By Ross Hawkins
Political correspondent, BBC News
Last year the former Conservative grandee Sir Paul Judge set up his own party promising to change British politics.
Sir Paul Judge says his policies are "sensible" and from the people
The Jury Team had no policies and a firm opposition to big donors.
Sir Paul has so far spent more than £300,000 of his own money on the project.
He has assembled a 30-strong list of policies, including limiting benefits to 80% of the minimum wage after tax and to sentencing violent criminals to "army-style" punishment.
They would be put to the public in referendums, but any Jury Team member elected to the House of Commons would be expected to support them there.
Sir Paul said: "Our manifesto has come from asking people the policies they would like. They have to be sensible policies.
"They have to be not policies that cost a huge amount of money or that make the deficit worse or anything like that, but things which would make a real change to people's lives that they want that traditional parties won't provide."
St George's Day
Sir Paul launched his party saying he wanted to get independent candidates into Parliament, but has since developed a set of political allegiances. The Jury Team has promised not to stand against English Democrat or Christian Party candidates.
They will all campaign under the banner of the Alliance for Democracy.
The English Democrats have already seen one of their members elected mayor of Doncaster. Unsurprisingly they are most enthusiastic about the Jury Team's promise of an English Parliament.
But they have a manifesto of their own which says, while ethnic groups should be free to promote their own cultural identity: "The public culture of England should be that of indigenous English."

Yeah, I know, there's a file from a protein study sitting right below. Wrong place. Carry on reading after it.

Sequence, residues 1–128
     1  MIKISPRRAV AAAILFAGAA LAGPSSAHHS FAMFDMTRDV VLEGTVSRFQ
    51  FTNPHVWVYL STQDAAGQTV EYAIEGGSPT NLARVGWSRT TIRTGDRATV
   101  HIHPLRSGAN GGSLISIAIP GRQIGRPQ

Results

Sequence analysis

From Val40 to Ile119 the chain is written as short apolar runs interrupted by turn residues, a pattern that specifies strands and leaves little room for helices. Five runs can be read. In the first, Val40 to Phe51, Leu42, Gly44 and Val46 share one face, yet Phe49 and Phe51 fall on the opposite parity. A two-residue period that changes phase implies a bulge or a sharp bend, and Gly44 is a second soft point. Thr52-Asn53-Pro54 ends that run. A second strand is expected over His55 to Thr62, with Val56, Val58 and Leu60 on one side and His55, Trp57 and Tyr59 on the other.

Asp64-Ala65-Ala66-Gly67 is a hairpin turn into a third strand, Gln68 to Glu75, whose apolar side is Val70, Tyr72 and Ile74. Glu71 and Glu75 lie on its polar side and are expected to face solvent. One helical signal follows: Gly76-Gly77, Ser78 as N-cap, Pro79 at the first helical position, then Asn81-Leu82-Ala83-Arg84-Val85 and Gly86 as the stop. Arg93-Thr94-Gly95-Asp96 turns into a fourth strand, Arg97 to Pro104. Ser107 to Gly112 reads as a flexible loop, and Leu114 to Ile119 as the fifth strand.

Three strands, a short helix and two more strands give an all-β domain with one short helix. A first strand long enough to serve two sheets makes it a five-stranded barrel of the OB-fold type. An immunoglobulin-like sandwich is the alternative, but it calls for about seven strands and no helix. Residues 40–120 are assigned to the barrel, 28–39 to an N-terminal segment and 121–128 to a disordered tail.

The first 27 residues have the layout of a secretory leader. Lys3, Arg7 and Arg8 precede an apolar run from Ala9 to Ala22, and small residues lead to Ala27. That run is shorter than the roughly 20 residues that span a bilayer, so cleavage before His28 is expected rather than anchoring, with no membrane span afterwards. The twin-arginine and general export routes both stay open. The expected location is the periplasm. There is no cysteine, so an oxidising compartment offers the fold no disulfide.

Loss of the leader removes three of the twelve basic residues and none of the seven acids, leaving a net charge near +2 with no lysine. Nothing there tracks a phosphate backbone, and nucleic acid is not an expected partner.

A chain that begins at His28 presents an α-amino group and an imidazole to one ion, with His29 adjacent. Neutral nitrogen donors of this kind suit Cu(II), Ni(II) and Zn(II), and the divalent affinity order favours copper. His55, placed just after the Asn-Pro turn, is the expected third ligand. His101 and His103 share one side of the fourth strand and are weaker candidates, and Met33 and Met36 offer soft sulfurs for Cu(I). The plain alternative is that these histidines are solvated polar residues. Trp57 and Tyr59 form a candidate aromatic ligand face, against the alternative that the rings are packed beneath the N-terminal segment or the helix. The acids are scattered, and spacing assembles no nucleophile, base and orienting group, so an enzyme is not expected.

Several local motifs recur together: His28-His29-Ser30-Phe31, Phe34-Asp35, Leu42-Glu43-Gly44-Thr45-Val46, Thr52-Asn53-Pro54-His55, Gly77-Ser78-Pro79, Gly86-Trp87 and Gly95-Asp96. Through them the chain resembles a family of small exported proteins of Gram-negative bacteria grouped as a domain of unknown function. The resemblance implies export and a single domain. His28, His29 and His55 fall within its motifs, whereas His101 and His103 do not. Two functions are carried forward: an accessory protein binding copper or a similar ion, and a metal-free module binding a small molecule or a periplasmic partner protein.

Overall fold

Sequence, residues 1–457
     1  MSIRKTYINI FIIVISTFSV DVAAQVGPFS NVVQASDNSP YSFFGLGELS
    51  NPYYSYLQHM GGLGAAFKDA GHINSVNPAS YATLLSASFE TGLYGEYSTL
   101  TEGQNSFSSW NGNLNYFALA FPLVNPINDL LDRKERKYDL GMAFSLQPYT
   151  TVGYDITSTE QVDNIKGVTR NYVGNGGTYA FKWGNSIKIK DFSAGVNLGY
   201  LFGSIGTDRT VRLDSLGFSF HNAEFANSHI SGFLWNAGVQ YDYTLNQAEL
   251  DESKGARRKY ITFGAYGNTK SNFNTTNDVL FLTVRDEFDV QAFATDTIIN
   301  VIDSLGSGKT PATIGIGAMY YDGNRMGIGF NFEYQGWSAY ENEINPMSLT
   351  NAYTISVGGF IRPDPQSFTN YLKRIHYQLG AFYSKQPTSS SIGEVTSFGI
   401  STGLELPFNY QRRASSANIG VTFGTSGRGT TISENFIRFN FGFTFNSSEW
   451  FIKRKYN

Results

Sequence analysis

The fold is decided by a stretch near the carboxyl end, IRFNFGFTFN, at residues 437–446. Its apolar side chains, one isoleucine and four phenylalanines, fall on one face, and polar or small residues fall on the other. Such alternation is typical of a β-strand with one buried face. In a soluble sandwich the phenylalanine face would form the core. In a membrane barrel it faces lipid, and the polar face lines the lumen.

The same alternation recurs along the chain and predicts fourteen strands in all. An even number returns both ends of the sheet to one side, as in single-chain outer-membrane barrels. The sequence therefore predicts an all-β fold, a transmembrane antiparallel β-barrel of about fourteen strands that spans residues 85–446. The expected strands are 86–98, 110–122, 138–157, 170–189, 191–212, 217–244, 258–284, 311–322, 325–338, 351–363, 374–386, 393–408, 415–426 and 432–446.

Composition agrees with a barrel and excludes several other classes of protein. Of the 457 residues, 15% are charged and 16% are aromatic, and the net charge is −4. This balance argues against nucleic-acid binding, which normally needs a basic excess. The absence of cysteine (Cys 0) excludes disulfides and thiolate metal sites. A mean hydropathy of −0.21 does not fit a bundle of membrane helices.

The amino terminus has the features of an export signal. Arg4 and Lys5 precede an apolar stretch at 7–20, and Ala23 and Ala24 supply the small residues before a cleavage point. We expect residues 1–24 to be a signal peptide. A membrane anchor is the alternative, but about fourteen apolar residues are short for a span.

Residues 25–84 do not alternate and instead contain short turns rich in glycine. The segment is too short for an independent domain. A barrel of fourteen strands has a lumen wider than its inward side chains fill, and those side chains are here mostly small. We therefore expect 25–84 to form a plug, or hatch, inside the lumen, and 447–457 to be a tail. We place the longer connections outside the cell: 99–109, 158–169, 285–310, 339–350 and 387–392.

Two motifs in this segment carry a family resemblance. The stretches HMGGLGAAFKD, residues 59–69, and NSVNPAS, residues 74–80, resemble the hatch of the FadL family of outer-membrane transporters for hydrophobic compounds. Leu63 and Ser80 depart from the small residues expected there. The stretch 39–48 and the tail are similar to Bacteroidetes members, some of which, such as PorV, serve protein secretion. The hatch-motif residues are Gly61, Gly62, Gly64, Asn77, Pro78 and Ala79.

English Democrat chairman Robin Tilbrook explained what that meant: "If money is being given for St Patrick's day then more money has to be given for the indigenous celebration which would be St George's day."
The Christian Party has not signed up to all the policies, but has agreed not to stand against others in the alliance.
Its leader, the Reverend George Hargreaves, wants a smaller state, flatter taxes, and opposes abortion. He said it made sense for smaller parties to avoid competing with each other.
Since the MPs' expenses row there has been much talk of a resurgence of new political forces taking votes from their larger rivals.
But some have questioned whether the Jury Team was really an open-door organisation promoting referendums or, as Evening Standard columnist Anne McElvoy put it on BBC Radio 4's The World at One, "a group of people who are malcontents with the Conservative Party setting up shop next door".
Sir Paul would deny that. He has been busy recruiting candidates.
He puts their details on his website and then invites e-mails of complaint if people think those selected are not up to standard.
Sir Paul thinks the Jury Team he is choosing now - and its allies - can change the political landscape.
The voters will decide whether his alliance represents a home for a new politics, or just a small tent for unhappy Conservatives.